Edited at 2:55 p.m. May 13, 2014. Edited to add video.
At midnight, motorists on Orange County's toll roads will no longer be able to pay with cash.
Instead, drivers must sign up for an account that allows new equipment to register use of the toll roads with sensors and cameras. Users are then either billed to their credit cards or have a charge deducted from a registered FasTrak account.
Only about 13 percent of the drivers on Orange County's toll roads pay with cash each day, according to officials with the Transportation Corridor Agencies, which oversees the 73, 133, 241 and 261 toll roads.
Charging users through electronic means or pre-registered accounts is a trend in the industry, according to the agency's chairwoman Lisa Bartlett.
The ways to pay tolls, starting at 12:01 a.m. Wednesday, are:
- Register for FasTrak, a prepaid account that can be filled up by cash, check, electronic check or a credit card. A transponder records use and billing statements are issued through regular correspondence or email. This option is the least expensive with motorists saving on average 20 percent, or between 45 cents to $1.10 per use. For those who use it less than $25 per month, a $2 fee is levied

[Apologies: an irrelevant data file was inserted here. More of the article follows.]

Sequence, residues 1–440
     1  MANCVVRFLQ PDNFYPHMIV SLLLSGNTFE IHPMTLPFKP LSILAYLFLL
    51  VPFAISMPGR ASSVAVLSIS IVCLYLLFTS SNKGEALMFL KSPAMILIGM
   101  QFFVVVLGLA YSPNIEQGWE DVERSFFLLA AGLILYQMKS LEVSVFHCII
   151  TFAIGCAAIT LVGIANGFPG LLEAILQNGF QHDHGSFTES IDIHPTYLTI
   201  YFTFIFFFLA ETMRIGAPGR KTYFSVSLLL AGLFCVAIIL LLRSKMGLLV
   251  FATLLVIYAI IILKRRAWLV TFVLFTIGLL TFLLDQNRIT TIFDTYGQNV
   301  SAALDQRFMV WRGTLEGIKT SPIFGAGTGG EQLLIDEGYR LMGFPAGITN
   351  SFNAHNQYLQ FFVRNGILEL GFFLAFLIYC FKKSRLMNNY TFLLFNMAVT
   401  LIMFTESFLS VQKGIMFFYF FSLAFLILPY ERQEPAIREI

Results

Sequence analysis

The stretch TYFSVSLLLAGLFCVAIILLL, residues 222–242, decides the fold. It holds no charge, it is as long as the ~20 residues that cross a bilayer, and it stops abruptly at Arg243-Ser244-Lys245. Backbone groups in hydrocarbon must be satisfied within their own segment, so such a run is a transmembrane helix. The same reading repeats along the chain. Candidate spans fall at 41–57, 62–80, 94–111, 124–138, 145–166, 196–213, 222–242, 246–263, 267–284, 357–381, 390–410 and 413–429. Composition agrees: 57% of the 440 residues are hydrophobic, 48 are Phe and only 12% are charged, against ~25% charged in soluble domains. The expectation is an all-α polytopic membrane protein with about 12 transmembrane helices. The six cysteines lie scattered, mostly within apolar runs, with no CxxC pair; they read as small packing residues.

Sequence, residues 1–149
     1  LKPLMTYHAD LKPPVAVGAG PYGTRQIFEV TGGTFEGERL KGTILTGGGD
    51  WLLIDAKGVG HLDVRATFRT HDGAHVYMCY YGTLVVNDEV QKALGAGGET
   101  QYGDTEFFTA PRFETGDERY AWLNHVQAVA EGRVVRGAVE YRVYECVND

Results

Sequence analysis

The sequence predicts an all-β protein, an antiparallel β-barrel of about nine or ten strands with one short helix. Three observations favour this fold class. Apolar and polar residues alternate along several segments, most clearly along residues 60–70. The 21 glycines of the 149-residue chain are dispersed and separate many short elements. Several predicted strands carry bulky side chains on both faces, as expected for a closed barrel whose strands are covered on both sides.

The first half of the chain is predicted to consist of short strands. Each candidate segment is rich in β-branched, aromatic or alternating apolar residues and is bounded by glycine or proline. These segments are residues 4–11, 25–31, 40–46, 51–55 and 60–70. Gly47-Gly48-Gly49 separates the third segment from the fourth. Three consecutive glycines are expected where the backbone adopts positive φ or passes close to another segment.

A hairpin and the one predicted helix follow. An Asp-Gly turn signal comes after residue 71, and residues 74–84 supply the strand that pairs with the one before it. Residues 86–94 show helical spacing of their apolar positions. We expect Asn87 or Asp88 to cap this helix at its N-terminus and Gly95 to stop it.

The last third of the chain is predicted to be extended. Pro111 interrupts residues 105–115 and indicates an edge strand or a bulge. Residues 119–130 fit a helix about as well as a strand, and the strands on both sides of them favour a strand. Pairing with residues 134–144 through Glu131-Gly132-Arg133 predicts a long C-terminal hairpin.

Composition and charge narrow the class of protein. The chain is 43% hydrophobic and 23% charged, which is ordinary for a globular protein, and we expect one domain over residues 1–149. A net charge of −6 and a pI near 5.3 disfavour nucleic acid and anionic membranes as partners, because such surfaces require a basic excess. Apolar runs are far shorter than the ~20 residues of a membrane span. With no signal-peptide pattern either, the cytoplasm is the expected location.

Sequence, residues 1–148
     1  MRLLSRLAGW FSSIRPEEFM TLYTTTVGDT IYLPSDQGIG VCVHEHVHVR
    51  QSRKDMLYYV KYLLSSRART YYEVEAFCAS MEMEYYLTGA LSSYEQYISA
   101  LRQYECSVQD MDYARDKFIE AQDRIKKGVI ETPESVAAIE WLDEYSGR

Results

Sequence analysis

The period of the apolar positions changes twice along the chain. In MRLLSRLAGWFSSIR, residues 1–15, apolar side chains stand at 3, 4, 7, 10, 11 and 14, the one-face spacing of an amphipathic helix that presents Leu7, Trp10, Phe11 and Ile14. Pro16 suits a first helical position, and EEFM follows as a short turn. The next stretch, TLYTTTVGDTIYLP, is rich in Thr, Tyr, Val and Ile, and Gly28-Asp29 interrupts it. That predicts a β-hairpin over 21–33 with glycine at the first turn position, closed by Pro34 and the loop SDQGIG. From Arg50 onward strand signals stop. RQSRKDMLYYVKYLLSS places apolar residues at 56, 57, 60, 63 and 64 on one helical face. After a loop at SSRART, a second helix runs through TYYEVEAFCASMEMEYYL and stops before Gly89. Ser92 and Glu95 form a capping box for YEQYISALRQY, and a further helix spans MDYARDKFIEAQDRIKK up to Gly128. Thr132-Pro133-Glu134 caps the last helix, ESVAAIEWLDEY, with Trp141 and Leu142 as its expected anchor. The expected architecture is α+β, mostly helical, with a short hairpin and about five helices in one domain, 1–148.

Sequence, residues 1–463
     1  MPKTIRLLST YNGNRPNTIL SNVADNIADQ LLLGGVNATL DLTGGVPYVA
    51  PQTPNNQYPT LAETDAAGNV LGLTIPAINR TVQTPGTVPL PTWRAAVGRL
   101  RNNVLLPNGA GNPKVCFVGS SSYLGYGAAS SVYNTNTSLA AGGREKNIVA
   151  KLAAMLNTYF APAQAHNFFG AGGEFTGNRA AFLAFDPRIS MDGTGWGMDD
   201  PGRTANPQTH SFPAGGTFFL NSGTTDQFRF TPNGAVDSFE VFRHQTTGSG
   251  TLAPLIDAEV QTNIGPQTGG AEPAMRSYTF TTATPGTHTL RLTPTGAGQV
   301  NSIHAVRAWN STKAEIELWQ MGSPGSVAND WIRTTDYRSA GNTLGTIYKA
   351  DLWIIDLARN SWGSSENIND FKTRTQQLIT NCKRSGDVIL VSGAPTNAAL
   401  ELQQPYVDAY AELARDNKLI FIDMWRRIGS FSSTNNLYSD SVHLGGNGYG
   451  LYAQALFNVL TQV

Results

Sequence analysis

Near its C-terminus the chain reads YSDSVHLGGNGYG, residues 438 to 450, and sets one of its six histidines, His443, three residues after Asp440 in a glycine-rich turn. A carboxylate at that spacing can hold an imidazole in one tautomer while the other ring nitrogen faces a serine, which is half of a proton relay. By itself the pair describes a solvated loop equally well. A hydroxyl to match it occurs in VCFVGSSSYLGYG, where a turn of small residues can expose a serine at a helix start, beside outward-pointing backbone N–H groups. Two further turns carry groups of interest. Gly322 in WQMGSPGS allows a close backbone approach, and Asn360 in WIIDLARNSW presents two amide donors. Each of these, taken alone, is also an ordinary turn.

- A new ExpressAccount allows motorists to register personal information with the agency that allows for billing through cash, check, electronic check or credit card. Accounts can be managed online or by using a free phone app, no transponder is needed and there's no monthly maintenance fee. But there's a $2 invoice processing fee
- Just drive through, and if a payment is made within 48 hours there are no fines or penalties
The system works by having a high-resolution camera take pictures of license plates.
The agency has removed cash-collection booths.
Officials have previously said they hope to save $13.3 million over the next five years with the new system.
--City News Service